4 Fairness on the training set

When a set of regression coefficients is obtained by running quantile regression of on a design matrix , the estimated conditional quantiles on the training set are always “fair” with respect to any binary covariate that enters the regression. Namely, if a binary attribute is included in the quantile regression, then no matter what other attributes are regressed upon, on the training set the outcome will lie above the estimated conditional quantile for approximately a proportion , for each of the two subpopulations and . This phenomenon naturally arises from the mathematics behind quantile regression. This section explains this property, and lays some groundwork for the out-of-training-set analysis of the following section.

We claim that for any binary attribute , the empirical effective quantiles are balanced:

(4.1)

where denotes the empirical probability measure on the training set.

To see why (4.1) holds, consider the dual of the quantile regression LP (2.1). This optimization has Lagrangian

For fixed

, the vector

minimizing the Lagrangian tends to lie on the “corners” of the -dimensional cube, with many of its coordinates taking value either 0 or 1 depending on the sign of . We thus arrive at a characterization for , the solution to the dual program. For such that , For such that , the values are solutions to the linear system that makes (2.1) hold. But with covariates and , such equality will typically only occur at most out of terms. For large , these only enter the analysis as lower order terms. Excluding these points, the equality constraint in (2.1) translates to

(4.2)

Assuming that the intercept is included as one of the regressors, the above implies that

which together with (4.2), implies balanced effective quantiles for binary

. In particular, if the protected binary variable

is included in the regression, the resulting model will be fair on the training data, in the sense that the quantiles for the subpopulations and will be approximately equal, and at the targeted level .

This insight gives reason to believe that the quantile regression coefficients, when evaluated on an independent heldout set, should still produce conditional quantile estimates that are what we are calling -fair. In the following section we establish -fairness for our proposed adjustment procedure. This requires us to again exploit the connection between the regression coefficients and the fairness measurements formed by the duality of the two linear programs.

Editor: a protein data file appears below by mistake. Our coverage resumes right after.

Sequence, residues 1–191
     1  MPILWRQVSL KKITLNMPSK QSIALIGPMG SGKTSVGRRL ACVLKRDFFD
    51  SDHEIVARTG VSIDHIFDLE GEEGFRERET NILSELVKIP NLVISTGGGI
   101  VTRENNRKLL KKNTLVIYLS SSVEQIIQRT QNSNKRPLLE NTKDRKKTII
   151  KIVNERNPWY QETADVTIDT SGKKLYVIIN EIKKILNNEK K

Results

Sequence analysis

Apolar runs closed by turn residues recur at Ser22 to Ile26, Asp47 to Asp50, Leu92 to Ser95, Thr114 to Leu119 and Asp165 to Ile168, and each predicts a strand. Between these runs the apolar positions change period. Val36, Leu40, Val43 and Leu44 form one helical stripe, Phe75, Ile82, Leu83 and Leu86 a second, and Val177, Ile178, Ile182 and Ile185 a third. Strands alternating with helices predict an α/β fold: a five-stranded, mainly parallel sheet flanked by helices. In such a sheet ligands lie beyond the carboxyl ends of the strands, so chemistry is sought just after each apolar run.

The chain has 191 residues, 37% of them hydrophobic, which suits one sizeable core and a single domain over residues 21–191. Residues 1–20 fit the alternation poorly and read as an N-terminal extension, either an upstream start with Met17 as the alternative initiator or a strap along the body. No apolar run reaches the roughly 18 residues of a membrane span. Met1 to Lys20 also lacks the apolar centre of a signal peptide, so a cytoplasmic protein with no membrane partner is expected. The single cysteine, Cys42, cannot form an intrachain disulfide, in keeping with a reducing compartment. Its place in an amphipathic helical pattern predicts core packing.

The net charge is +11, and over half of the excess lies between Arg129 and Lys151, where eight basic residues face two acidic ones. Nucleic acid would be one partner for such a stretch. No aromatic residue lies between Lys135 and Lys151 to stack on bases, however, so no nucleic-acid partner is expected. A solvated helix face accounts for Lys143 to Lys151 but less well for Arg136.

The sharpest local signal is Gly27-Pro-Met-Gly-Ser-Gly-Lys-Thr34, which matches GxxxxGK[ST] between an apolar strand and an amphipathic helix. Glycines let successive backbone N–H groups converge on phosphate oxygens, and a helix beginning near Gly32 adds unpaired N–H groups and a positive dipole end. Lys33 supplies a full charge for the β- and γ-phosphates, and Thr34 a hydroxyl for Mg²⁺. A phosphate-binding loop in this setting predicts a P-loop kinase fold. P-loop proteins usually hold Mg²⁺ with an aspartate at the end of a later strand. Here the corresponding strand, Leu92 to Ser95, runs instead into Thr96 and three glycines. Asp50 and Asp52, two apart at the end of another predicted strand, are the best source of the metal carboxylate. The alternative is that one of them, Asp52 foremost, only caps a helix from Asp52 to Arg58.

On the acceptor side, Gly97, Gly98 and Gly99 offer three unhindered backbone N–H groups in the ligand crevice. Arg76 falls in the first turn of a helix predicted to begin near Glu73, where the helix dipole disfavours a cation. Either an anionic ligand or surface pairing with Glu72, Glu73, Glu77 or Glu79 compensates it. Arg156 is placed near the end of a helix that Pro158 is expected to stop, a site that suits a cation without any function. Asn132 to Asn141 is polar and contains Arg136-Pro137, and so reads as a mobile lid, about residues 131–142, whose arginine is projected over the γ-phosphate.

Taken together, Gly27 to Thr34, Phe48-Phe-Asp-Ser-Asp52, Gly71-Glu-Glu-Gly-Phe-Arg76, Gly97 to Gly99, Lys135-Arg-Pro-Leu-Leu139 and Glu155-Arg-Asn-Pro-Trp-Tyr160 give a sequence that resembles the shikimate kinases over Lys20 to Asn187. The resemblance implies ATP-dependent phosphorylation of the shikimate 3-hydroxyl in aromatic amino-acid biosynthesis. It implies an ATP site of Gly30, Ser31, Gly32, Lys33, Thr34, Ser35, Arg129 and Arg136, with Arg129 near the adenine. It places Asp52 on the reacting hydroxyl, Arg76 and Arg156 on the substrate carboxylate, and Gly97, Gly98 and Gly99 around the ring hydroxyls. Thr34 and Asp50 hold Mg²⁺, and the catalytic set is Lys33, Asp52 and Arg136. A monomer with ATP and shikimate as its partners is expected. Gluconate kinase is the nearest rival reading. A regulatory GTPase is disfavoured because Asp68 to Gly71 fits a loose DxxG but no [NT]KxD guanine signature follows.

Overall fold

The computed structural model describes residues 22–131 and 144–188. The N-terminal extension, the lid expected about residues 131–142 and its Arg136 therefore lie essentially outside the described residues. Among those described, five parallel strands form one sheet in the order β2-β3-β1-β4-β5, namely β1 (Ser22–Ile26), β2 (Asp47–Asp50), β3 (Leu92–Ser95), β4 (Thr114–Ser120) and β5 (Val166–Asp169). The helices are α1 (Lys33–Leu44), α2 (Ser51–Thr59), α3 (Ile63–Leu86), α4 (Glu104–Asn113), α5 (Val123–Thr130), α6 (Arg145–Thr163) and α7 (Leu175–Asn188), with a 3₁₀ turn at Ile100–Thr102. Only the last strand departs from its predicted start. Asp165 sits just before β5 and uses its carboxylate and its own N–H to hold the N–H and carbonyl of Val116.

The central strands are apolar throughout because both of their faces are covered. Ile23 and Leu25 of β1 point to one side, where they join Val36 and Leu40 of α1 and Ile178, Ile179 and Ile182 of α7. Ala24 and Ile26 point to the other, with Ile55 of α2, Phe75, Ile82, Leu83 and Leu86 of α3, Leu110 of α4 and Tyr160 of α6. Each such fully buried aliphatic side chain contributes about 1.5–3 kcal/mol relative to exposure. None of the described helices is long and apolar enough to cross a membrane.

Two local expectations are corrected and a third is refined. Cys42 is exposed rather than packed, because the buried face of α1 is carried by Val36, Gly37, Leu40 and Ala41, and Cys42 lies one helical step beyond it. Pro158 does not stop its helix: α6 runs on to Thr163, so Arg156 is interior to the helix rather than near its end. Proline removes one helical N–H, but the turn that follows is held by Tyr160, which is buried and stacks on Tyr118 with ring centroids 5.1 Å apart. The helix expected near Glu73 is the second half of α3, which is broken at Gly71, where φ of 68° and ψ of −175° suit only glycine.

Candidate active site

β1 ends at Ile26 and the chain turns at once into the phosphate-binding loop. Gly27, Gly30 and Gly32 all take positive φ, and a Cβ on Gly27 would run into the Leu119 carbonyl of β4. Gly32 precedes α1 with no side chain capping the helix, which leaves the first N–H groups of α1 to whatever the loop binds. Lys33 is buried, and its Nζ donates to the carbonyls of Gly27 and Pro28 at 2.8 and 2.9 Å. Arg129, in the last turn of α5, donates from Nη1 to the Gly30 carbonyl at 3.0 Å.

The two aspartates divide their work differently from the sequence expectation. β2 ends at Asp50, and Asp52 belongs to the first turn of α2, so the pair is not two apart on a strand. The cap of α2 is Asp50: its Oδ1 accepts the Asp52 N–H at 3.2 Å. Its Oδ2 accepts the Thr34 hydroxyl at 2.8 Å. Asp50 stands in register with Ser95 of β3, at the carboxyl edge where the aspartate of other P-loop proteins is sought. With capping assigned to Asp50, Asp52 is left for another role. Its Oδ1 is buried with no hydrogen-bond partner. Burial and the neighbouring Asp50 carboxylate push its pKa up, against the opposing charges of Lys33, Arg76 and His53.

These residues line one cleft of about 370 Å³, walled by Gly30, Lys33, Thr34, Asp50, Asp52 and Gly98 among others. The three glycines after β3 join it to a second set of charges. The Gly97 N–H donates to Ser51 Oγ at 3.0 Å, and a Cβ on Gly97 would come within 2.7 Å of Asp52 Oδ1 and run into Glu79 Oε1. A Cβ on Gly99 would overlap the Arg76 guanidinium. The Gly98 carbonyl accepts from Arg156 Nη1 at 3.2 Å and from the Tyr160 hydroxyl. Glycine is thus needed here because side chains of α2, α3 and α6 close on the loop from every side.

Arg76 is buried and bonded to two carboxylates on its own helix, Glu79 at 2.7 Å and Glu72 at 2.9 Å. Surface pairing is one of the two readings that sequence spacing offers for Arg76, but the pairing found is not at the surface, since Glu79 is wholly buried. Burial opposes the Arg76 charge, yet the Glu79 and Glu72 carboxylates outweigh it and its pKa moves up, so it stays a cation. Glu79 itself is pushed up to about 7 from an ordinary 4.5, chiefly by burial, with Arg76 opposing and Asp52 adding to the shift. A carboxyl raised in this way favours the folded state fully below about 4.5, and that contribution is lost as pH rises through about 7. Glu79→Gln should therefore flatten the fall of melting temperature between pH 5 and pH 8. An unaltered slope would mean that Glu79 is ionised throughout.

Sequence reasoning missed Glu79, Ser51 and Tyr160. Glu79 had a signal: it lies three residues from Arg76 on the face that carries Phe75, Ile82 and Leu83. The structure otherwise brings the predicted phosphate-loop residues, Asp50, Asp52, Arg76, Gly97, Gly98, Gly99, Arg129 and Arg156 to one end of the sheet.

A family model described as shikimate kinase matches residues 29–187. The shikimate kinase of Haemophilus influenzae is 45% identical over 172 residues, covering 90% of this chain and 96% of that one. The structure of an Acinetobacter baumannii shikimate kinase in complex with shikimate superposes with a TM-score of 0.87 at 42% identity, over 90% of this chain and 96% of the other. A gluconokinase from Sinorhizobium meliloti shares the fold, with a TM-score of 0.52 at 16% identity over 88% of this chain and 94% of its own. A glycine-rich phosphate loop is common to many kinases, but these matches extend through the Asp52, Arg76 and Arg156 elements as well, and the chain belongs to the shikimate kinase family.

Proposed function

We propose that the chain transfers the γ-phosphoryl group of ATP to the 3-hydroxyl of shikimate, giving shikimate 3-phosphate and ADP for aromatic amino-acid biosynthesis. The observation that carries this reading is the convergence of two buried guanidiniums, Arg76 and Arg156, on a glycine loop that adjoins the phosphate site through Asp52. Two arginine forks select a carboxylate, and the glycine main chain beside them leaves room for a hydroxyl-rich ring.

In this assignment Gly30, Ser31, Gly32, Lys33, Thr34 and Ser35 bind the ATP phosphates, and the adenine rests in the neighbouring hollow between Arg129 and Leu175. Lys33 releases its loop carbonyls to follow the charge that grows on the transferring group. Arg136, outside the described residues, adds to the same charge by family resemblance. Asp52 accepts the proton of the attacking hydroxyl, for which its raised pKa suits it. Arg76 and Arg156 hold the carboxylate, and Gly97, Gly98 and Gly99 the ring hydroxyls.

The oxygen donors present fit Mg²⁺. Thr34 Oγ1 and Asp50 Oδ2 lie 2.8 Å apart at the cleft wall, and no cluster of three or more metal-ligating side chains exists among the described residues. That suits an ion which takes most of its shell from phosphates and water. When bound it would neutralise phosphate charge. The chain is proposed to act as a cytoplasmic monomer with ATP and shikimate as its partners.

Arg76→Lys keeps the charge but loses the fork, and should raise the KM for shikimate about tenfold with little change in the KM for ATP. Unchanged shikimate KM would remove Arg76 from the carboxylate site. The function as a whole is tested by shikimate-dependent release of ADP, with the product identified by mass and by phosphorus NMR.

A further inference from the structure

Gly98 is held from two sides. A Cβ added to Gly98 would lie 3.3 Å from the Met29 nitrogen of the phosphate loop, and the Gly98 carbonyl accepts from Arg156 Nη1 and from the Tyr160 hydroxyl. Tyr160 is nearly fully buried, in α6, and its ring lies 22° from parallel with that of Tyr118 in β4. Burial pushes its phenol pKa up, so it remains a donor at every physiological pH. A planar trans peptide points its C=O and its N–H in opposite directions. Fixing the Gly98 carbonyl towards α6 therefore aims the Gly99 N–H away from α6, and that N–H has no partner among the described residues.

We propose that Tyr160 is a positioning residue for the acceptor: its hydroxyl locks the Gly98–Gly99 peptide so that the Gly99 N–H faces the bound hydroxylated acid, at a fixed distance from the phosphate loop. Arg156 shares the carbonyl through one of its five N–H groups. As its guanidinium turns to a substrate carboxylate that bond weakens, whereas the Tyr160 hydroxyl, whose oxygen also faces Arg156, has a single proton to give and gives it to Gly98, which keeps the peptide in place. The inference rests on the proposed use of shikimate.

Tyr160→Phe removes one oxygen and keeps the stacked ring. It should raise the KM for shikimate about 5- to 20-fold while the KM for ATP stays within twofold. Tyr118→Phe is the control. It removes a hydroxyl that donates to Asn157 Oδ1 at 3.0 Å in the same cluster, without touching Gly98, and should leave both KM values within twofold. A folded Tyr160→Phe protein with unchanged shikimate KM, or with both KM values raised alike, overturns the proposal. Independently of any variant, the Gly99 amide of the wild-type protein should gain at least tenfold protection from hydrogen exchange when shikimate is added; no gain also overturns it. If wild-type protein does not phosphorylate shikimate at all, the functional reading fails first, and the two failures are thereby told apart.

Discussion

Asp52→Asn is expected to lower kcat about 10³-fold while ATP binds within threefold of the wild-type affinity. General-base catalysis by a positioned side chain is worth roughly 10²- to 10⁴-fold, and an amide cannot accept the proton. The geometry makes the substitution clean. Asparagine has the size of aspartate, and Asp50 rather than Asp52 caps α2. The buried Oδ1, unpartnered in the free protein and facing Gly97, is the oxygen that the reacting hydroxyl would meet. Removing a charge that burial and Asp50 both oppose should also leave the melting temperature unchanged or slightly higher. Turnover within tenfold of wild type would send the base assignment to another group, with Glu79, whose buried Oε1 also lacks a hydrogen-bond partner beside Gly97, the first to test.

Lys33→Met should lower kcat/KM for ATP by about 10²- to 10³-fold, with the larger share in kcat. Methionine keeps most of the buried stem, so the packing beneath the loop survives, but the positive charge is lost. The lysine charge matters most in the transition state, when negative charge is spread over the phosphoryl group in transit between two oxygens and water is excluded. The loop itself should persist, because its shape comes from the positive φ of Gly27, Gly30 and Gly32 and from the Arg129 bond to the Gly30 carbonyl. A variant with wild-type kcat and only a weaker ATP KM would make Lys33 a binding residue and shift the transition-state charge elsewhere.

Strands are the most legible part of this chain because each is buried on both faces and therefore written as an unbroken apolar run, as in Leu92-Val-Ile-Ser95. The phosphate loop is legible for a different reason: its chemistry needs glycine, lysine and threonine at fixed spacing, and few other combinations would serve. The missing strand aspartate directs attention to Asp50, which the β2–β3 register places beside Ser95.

5 Proof Techniques

In this section we outline the main steps in the proofs of Theorems 3.1 and 3.2 on the fairness and risk properties of the adjustment procedure. We defer the details of the proofs to Section 8.

We first establish some necessary notation. From the construction of , the event is equivalent to for , which calls for analysis of stochastic processes of the following form. For , let

Let . It is easy to check that

The following lemma is essential for establishing concentration results of the processes around , on which the proofs of Theorem 3.1 and Theorem 3.2 heavily rely.

Lemma 5.1.

Suppose is a countable family of real functions on and is some probability measure on . Let . If

  1. there exists such that for all and ;

  2. the collection is a Vapnik-Chervonenkis(VC) class of sets,

then there exist positive constant for which

(5.1)

where . In particular, .

We note that more standard results could be used for concentration of measure over VC classes of Boolean functions, or over bounded classes of real functions. We use the lemma above because of its generality and to make our analysis self-contained. The proof of this result is included in Section 8.

Recall that . We have

We use Lemma 5.1 to control the tail of the first term using the VC class where and . For the second term we have

and we exploit the dual form of quantile regression in terms of rank scores together with large deviation bounds for sub-Gaussian random variables.

The proof of Theorem 3.2 similarly exploits Lemma 5.1, but using the VC class where and .


6 Experiments

6.1 Experiments on synthetic data

In this section we show experiments on synthetic data that verify our theoretical claims. 111Code and data for all experiments are available online at https://drive.google.com/file/d/1Ibaq5VWaAE4539hec4-UdIOgPsNv0x_t/view?usp=sharing The experiment is carried out in independent repeated trials. In each trial, data points are generated independently as follows:

  • Let . Generate from the multivariate distribution with correlated attributes: , where the the covariance matrix takes value for diagonal entries and for off-diagonal entries.

  • The protected attribute depends on through a logistic model: with

  • Given , generate

    from a heteroscedastic model:

    .

The parameters , , are all generated independently from and stay fixed throughout all trials. The coefficient is set to be 3.

In each of the trials, conditional quantile estimators are trained on a training set of size and evaluated on the remaining size held out set. We train three sets of quantile estimators at :

  1. Full quantile regression of on and .

  2. Quantile regression of on only.